Tissues: Plant and Animal Tissues

Cell: A cell is the basic structural and functional unit of a living organism. Example: Nerve cell.
Tissue: A tissue is a group of cells having a common origin, similar structure and function and held together by a cementing substance. Example: Connective tissue.
Organ: Different types of tissues working together and contributing to some specific function inside the body constitute an organ. Example: Stomach.
Organ system: Different organs coordinate to perform a specific life process and form an organ system. Example: Digestive system.
Organism: Various organ systems working simultaneously together constitute an organism. Example: Plants. 

Plant Tissues

  • Meristematic tissue
  • Permanent tissue

Meristematic tissues

CHARACTERISTICSCells are thin-walled and made up of cellulose.
LOCATIONLocated at the tips of the roots and stems, base of the node, base of the internode or at
the base of the leaf.
FUNCTIONThe cells of meristematic tissue divide actively, resulting in growth (increase in thickness and
length) of plants.

Types of Meristematic tissues

  • Apical meristem
  • Intercalary meristem
  • Lateral meristem/Cambium

Apical meristem:

LOCATIONLocated at the growing points of the stem, roots, branches and in growing young leaves near the tips of stems and axillary buds.
FUNCTIONEnables the root and stem to grow by increasing the length of plants.

Intercalary meristem:

LOCATIONLocated at the internodes or stem regions between the places at which the leaves attach, and at leaf bases, especially of certain monocotyledons
FUNCTIONThe cells are active and continuously form a number of new cells.

Lateral meristem/Cambium:

LOCATIONPresent laterally (on the sides) on the roots and stem and is situated parallel to the longitudinal axis
below the bark.
FUNCTIONThe girth and width/diameter/thickness of the stem or root increases due to the lateral meristem.

Permanent Tissues

Formed by the division of the meristematic tissue cells that have lost their ability to multiply.

Types of Permanent Tissue

  • Protective tissues
  • Supporting tissues
  • Conducting tissues

Protective tissue:

CHARACTERISTICS1. Epidermis or surface tissue.
2. Cells with thick walls.
LOCATIONFound on the surface of the roots, stems and leaves.
FUNCTION1. Protects the underlying cells.
2. Provides protection against mechanical injury or invasion by parasitic fungi.

Supporting tissue:

CHARACTERISTICSProvides support to the plant.

Conducting tissue: Read here

Supporting tissue

  • Parenchyma
  • Collenchyma
  • Sclerenchyma


CHARACTERISTICSConsist of relatively non-specialised large, thin-walled living cells.
LOCATIONMainly present in the soft parts of the plant such as the central pith-containing region and outer cortical region of roots and stems.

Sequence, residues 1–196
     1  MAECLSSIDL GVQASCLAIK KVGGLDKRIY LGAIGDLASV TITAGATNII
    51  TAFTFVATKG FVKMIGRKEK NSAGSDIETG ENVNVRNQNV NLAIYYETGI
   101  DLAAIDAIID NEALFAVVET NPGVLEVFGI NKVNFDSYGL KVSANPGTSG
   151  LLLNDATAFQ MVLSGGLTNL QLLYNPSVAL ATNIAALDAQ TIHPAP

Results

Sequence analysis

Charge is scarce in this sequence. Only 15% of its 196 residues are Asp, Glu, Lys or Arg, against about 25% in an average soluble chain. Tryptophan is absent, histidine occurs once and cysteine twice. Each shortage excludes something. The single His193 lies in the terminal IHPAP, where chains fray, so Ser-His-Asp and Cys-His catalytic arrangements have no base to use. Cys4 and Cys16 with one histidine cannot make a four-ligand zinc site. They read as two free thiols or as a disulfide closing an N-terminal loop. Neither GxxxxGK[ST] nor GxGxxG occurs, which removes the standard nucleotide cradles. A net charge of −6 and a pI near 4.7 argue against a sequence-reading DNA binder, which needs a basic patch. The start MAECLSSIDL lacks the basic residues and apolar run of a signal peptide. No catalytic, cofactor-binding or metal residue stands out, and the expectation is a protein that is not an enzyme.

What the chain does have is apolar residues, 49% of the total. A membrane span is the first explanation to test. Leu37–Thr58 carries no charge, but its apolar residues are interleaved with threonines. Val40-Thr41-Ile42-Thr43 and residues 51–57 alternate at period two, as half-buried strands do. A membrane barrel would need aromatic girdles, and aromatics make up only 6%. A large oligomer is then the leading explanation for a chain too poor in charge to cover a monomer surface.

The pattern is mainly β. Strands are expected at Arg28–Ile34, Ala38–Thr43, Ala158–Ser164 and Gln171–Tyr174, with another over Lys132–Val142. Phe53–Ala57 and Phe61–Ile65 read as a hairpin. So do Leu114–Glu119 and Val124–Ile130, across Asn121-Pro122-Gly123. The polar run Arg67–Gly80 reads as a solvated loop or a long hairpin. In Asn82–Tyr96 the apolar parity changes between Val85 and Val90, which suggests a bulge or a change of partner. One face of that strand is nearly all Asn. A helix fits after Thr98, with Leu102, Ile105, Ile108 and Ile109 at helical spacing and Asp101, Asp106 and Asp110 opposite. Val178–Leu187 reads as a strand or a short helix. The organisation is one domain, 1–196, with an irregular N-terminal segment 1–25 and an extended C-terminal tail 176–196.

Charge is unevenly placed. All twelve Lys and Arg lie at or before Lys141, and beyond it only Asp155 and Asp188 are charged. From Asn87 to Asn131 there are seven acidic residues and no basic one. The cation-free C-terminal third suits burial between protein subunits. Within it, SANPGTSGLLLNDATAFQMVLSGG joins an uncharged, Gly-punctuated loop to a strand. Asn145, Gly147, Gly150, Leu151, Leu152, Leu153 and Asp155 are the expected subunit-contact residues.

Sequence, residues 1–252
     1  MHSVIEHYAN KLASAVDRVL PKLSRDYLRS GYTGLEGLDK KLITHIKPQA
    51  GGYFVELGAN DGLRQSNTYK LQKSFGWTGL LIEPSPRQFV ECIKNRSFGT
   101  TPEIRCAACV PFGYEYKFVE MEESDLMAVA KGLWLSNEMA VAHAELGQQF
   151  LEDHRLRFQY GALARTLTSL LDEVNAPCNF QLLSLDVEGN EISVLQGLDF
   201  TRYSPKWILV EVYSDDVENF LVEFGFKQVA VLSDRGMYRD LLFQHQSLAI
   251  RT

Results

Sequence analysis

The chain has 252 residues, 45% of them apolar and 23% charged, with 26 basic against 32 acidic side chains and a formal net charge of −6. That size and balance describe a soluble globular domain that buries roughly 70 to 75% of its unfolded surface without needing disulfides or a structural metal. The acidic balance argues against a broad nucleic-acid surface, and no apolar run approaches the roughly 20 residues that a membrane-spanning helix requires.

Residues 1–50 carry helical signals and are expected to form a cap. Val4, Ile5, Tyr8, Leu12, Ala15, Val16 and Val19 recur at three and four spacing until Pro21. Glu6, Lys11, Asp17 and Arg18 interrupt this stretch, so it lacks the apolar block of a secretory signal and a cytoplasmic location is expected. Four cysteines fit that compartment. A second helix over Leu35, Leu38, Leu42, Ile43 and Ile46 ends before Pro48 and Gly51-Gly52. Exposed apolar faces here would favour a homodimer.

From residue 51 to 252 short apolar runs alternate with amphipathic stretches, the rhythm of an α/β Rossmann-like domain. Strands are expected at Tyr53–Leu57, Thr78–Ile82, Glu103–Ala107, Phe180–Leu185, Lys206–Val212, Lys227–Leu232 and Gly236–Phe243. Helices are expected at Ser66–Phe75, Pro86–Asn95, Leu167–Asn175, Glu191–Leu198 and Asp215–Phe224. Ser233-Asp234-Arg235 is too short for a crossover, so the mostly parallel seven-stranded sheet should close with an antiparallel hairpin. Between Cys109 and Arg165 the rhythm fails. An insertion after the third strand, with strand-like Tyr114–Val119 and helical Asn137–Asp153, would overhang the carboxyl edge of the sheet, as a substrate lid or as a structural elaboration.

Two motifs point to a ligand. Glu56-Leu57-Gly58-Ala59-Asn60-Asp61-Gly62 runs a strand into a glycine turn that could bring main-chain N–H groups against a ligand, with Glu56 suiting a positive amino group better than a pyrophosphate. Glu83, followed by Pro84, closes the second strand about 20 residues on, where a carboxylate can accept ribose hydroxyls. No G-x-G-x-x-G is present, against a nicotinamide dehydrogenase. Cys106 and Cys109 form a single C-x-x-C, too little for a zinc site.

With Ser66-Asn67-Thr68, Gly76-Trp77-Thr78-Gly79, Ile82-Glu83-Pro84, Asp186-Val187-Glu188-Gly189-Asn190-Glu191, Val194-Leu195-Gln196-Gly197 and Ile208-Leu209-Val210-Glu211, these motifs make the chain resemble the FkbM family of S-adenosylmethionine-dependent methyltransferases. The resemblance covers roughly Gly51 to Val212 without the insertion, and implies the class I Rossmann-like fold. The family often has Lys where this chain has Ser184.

FUNCTIONProvides temporary support and maintains the shape of the plant body.


CHARACTERISTICSCells are living and elongated with cell walls irregularly thickened at the corners.
LOCATIONLocated in the non-woody plants, leaf stalks, below the epidermis of the stems and veins of leaves.
FUNCTIONProvides mechanical support and elasticity to the young dicotyledonous plants.


CHARACTERISTICS1. Consists of elongated, narrow and fibre-like cells.
2. Cells are dead, pointed at both the ends and thickened because of the deposition of lignin.
LOCATIONLocated in the stems around the vascular bundle, in the veins of leaves and in the hard covering of the seeds and nuts.
FUNCTIONProvides strength and hardness to the parts of the plant.

Animal Tissues

  • Epithelial tissue
  • Connective tissue
  • Muscle tissue
  • Nervous/neural tissue

Epithelial tissue ~ Read here

Connective tissue ~ Read here

Muscle tissue

CHARACTERISTICSConsists of elongated, narrow, muscle cells called muscle fibres.
LOCATIONMostly attached to the bones.
FUNCTIONHelps in contraction and relaxation, which facilitates movement of the body.

Types of Muscle tissue

  • Striated/skeletal/striped/voluntary muscles
  • Nonstriated/smooth/non-striped/involuntary muscles
  • Cardiac/heart muscles

Voluntary muscles:

CHARACTERISTICSMuscle fibres are long, cylindrical
LOCATIONFound attached to the bones.
FUNCTIONHelp in voluntary muscle movement and locomotion.

Involuntary muscles:

CHARACTERISTICSMuscle fibres are smooth and without striations.
LOCATIONFound in ureters, digestive tract, urinary bladder, iris of the eye, bronchi of the lungs and
other internal organs.
FUNCTIONCarry out the movements which cannot be carried out by our conscious will, such as movement of food in the alimentary canal, blinking of eyes, breathing etc.

Cardiac/heart muscles:

CHARACTERISTICSMuscle cells are short, cylindrical and have a single, centrally placed nucleus.
LOCATIONFound only in the walls of the heart.
FUNCTIONRhythmic contraction and relaxation of cardiac muscles help to pump and distribute the blood to various parts of the body.

Nervous/neural tissue

CHARACTERISTICS1. Made up of elongated cells called neurons.
2. Each neuron consists of three parts—a cell body, an axon and dendrites.
LOCATIONComponent of the nervous system and encompasses the brain, spinal cord and nerves.
FUNCTIONNerve cells mediate the transmission of messages from the brain to different parts of the body
and vice versa.

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